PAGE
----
Michael Davidson: “Energy systems undergird many pressing global problems today, from climate change to human health inequity. My research examines how technologies, experiences and even institutional designs in energy are shared across disparate countries – and why we need to increasingly take a global perspective in order to improve well-being in the U.S. and the world.”
Joshua Graff Zivin: “My work has documented the wide-ranging and pernicious economic harms caused by pollution around the world, even at levels that were previously viewed as safe. This research has helped to transform policy debates around environmental protection, particularly in developing countries, which typically frame policies as a choice between investing in the environment or the economy, and now more frequently invoke the idea of investing in the environment for the economy.”
Gordon McCord: “A reimagined globalization is a world interconnected not only by commercial competition, but also by the shared challenge of keeping humanity within the planetary boundaries of resource use. I am part of the FABLE Consortium, which consists of national teams from 21 countries working to chart out sustainable land use paths to answer the question of how we can feed the global population, meet national and international conservation goals, and reduce greenhouse gas emissions from land use to net zero by 2050.”
Teevrat Garg: “A renewed commitment to globalization will invariably require addressing environmental inequities both within and across nations. I research the causes as well the consequences of these inequities, particularly on human capital – a critical ingredient to competitiveness in the global marketplace.”
Ulrike Schaede: “Initially, we thought of globalization as more and freer trade. Then, the location of production sites outside one’s own country was added to the mix, and this started the research on global supply chains and production networks. We are now entering Phase 3, where globalization is becoming a delicate power-balancing game that involves much more than just economic calculations. Take Japan’s new ‘aggregate niche strategy’ as an example: By strategically positioning at the high-upstream input portion of Asian supply chains, Japanese products have become indispensable for a large number of important tech products. While each of these input markets may be small, in the aggregate they add up to a situation where other Asian countries are resource-dependent on Japan. This is a new situation, and it is already reshaping geoeconomic and geopolitical strategies across Asia. Going forward, the interplay between politics and business will become even more important in shaping foreign policies.”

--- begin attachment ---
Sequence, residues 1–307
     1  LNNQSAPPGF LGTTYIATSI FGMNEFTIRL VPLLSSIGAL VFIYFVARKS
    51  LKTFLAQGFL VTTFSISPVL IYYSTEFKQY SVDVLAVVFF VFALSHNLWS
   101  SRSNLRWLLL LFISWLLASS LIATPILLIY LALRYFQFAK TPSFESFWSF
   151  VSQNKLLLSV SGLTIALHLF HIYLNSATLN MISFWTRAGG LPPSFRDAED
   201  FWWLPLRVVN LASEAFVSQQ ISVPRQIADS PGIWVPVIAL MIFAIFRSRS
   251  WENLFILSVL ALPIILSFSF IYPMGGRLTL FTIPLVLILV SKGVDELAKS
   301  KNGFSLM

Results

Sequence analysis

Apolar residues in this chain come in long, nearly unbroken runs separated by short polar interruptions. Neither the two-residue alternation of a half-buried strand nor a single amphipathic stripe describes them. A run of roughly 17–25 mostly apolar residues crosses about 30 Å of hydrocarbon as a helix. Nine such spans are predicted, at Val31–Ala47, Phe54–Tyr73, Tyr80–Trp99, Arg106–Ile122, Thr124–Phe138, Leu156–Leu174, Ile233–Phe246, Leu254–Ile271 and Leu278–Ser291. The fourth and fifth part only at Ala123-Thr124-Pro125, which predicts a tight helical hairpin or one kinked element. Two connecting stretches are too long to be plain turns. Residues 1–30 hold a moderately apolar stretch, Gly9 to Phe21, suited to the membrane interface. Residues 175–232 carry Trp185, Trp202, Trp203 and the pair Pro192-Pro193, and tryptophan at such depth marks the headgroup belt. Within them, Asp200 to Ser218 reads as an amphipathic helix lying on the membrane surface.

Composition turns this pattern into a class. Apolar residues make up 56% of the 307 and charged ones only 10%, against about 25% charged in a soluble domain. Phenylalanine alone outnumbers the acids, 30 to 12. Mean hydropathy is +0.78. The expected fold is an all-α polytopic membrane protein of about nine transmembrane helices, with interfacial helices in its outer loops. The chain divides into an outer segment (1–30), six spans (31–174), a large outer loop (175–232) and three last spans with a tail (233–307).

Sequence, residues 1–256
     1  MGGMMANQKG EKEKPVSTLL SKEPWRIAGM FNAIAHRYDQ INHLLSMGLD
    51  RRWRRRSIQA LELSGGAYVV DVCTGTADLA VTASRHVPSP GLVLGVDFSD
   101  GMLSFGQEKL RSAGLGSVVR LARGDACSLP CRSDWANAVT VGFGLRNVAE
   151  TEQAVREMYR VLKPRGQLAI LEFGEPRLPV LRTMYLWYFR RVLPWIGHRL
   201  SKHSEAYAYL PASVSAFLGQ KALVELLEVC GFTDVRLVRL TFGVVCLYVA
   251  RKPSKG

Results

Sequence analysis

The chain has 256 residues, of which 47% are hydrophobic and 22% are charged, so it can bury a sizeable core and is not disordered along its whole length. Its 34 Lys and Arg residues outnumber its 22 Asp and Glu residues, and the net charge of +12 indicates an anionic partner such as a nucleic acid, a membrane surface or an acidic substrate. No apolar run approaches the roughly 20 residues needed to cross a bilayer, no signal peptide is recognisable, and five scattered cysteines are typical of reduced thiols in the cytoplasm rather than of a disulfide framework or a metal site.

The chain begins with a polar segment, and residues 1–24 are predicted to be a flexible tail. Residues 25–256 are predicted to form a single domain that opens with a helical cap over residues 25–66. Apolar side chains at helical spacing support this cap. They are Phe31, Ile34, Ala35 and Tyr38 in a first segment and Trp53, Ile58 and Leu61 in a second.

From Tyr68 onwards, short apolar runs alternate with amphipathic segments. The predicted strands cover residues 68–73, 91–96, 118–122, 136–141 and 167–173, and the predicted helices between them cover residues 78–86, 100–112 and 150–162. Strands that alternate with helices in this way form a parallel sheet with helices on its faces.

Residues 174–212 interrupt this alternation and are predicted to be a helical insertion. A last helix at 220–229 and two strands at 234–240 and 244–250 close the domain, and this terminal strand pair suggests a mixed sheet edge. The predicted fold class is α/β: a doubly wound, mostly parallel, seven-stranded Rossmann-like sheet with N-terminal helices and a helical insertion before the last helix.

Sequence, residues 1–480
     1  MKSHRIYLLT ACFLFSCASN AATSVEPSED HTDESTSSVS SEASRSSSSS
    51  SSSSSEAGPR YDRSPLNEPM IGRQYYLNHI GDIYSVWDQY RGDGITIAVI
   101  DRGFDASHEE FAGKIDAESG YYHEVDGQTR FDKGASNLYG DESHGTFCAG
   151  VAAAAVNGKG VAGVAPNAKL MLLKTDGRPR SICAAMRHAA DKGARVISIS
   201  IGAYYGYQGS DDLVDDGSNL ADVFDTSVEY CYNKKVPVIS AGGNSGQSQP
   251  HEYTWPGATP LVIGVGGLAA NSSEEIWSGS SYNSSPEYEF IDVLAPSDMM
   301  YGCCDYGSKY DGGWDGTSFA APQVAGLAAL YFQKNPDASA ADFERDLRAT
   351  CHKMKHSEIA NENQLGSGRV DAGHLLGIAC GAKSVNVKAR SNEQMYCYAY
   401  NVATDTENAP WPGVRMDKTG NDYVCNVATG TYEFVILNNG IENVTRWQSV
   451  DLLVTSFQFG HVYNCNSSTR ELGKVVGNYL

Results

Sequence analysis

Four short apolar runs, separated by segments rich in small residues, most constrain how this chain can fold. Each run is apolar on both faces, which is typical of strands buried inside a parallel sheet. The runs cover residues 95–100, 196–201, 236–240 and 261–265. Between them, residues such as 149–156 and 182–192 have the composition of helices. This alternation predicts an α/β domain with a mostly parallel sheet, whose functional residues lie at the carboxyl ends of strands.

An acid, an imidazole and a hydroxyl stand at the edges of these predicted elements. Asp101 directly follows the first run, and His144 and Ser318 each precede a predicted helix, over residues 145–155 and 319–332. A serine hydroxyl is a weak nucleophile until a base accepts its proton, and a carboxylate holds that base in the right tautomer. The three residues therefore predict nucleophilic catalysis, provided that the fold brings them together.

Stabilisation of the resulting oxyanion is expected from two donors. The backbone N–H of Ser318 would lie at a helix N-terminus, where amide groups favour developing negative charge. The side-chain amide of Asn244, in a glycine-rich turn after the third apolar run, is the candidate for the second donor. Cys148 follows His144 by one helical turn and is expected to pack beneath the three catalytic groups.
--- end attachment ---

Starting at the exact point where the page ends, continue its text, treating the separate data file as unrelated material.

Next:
Emilie Hafner-Burton: “My research on human rights and international law exposes both the fundamental challenges brought on by the globalization of cooperation between states – including the rising power of autocracies in international institutions – as well as the many possibilities that globalization of the right flavor can offer for the protection and promotion of human well-being and security. While some massively repressive regimes seek growing political influence through international law as a means to water down human rights promotion and spread corruption, other governments seek to harness the many powers of globalization to enhance basic rights around the world.”
Elizabeth Lyons: “Much of my research focuses on how digital technologies are changing work around the world. For instance, as digital technologies facilitate remote and virtual work arrangements, labor markets and work forces are increasingly globalized. Understanding how these shifts impact worker productivity and optimal management practices is critical for understanding how firms and organizations can survive and thrive in the 21st century.”
Peter Cowhey: “Fears about economic competition and security risks originating from China have led a cadre of U.S. strategists to advocate a radical divorce of our two countries’ science and technology systems. A better path to revamping globalization would have the U.S. do the following: first, heal thyself – we should acknowledge that much of our worry over the challenge from China comes from lapses in U.S. policies that bolstered our science and innovation base; second, maintain global science and technology interdependence to the maximum feasible extent – U.S. leadership benefits from interdependence attracting innovators from around the world; and third, risk mitigation – focus especially on the long-run risks from continued interdependence and establish appropriate security safeguards in collaboration with like minded countries.”